1

If a video loads slowly we say that it is "buffering". But if a video stops and doesn't play for a long time can "buffer" be used? Or is it used for the whole video?

Please don't stop again.

Please don't freeze again.

Please don't hang again.

And can it be:

Please don't buffer again.

Is the use of "buffer", "stop", "freeze" & "hang" natural?

P.S. Corrected the typo;)

  • Why do you phrase this as a request? Are you addressing the video itself? – Andrew Apr 12 at 17:35
  • No it's kind of pleading the video.(though the video won't respond:)) @Andrew – It's about English Apr 12 at 17:36
  • We all do that, but regardless of which word you use ("freeze", "hang", "lag", etc.) the phrasing sounds slightly awkward. It's probably fine in context, with the right intonation, although I'd be more likely to phrase it as an imperative, "C'mon you stupid thing, stop hanging" – Andrew Apr 13 at 15:34
3

In my mind and to my ear, all four of those are acceptable, although the two I prefer are:

Please don't freeze again.

Please don't hang again.

The other two will work, but those two are the ones I'd be most likely to use.

  • 1
    Is "buffer" used for the whole video or can it be used at a particular point in the video?@J.R. like: "Please don't buffer." Or is it for the whole video? – It's about English Apr 12 at 17:40
  • And @J.R. ♦,can it be: "Please don't lag again!" ,like; "the video is lagging". – It's about English Apr 12 at 18:02
  • @It'saboutEnglish - For some reason, when you are "asking" a video to keep playing, I think freeze and hang work better than lag. It's hard to say why, though. – J.R. Apr 12 at 19:45
1

"Buffering" applies to the quite specific case where a video must be loaded into the memory of a digital device before it can be displayed. The memory used for this purpose is known as a "buffer". "Buffering" is short for "loading into a buffer". It can also refer to the delay while such loading takes place. It should not be used for delays with other causes.

To me, using "buffer" as a verb in this context ("Please don't buffer") feels a bit awkward, and I wouldn't use it that way. I would say "Please don't pause" (or "hang" or "freeze" or even "stop".) But it is likely to be understood, and in English many people do verb nouns -- that is convert nouns such as "buffer" (a place in memory) into related verbs (to wait for content to load).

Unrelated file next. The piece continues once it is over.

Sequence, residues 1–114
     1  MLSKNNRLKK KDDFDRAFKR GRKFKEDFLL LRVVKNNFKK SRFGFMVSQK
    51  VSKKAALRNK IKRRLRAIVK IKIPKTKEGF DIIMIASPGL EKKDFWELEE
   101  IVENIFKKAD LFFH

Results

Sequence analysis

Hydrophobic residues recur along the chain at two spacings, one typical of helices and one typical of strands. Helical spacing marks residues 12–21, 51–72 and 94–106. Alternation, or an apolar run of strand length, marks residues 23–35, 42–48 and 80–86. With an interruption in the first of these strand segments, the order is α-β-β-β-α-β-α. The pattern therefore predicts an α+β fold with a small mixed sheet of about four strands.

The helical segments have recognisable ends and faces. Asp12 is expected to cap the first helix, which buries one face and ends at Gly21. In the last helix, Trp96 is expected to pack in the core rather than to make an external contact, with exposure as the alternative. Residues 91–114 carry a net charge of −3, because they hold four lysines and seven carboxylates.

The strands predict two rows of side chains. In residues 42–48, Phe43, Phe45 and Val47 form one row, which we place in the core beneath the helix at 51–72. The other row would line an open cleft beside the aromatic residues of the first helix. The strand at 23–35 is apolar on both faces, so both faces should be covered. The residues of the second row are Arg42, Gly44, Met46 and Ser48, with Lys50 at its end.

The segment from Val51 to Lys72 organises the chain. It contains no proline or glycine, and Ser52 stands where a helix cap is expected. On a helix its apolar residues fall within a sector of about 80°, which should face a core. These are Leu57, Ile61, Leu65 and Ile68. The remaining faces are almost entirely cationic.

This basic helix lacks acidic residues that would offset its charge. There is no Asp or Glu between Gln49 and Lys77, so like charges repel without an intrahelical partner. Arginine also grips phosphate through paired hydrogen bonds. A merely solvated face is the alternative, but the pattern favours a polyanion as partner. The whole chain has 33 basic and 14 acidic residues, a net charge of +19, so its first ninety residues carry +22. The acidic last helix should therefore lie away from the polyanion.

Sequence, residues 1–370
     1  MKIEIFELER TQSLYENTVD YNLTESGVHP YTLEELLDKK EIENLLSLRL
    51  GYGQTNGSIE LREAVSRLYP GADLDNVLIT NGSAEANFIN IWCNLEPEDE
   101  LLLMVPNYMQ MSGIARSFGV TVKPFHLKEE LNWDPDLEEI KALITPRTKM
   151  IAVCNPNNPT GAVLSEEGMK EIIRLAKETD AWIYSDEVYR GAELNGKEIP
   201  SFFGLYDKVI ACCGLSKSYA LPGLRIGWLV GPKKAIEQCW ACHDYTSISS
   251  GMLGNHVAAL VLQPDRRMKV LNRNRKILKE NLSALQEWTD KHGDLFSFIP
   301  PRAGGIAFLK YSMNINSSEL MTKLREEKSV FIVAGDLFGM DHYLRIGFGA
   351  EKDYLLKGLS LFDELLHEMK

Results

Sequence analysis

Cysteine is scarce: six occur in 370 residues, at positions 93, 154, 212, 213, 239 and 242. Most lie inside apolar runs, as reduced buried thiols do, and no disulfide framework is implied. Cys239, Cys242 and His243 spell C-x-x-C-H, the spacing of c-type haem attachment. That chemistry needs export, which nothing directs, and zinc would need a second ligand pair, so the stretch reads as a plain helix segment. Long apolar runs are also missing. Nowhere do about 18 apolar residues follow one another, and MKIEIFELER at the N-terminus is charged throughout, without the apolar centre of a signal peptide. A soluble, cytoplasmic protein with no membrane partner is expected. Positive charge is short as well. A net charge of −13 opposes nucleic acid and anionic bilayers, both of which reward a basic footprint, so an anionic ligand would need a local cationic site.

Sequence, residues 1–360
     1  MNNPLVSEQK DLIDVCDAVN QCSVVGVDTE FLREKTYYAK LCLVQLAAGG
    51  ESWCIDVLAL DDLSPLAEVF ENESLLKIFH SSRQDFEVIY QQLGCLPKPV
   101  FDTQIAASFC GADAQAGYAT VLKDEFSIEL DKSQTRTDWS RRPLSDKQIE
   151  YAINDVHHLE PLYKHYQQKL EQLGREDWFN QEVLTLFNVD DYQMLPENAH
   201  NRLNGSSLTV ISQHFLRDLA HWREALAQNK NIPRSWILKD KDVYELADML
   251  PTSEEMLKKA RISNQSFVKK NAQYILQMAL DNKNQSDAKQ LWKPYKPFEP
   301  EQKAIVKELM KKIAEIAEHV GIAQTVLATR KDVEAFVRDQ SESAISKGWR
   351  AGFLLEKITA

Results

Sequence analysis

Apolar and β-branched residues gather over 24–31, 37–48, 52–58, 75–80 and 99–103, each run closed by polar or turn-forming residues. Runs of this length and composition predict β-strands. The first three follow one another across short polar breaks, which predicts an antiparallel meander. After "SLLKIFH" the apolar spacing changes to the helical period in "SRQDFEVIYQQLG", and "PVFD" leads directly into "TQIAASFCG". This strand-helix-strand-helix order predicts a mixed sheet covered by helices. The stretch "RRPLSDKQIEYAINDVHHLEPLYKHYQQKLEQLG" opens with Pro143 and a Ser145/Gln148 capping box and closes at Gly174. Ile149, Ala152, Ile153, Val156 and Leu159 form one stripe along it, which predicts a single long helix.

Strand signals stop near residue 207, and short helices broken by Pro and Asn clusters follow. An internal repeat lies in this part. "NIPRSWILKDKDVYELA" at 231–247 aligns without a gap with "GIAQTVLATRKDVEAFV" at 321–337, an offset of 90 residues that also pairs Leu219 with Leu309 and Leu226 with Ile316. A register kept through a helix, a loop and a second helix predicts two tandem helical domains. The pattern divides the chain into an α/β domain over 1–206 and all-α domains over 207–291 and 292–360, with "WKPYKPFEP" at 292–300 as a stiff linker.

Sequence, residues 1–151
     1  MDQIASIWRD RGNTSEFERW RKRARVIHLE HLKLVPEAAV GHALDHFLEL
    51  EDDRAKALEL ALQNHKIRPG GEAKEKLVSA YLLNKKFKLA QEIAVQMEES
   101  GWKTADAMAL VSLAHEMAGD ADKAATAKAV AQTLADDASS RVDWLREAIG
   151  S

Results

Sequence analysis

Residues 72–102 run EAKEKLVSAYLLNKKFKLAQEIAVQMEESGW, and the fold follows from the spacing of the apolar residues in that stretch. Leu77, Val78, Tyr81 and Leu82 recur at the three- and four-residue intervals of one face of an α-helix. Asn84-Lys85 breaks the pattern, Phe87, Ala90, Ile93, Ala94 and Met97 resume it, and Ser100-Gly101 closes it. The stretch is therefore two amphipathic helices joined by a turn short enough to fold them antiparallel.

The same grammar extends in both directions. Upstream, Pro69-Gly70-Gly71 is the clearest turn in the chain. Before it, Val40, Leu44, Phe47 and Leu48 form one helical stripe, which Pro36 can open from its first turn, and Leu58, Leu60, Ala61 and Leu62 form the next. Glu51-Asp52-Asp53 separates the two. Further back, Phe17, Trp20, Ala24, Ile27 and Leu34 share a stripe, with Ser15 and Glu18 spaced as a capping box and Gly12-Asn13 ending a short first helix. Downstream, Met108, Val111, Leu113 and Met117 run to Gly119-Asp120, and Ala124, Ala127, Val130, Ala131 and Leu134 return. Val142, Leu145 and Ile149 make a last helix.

Oddly enough, the noun "buffer" originally meant, according to the Oxford Online Etymology Dictionary "something that absorbs a blow, apparatus for deadening the concussion between a moving body and that against which it strikes" which is in turn derived from a verb "buff" (now obsolete) "make a dull sound when struck" which is derived from an old French noun meaning a blow, slap or punch. So this word has already gone back-and-forth between noun and verb several times.

  • So @David Siegel, if people convert nouns into verbs,will they use "buffer" in this sense? (The one in the context). Like this is used: "The video is buffering", so can't my sentence be used?( As in verbing the nouns), Please don't buffer again – It's about English Apr 13 at 5:34
  • @It's about English People might use it like that, it is always hard to predict what people will do. However "buffer" is tied to specific technology. If the tech improves so delays are no longer noticed, such a verb might be little used or soon obsolete. – David Siegel Apr 13 at 14:31

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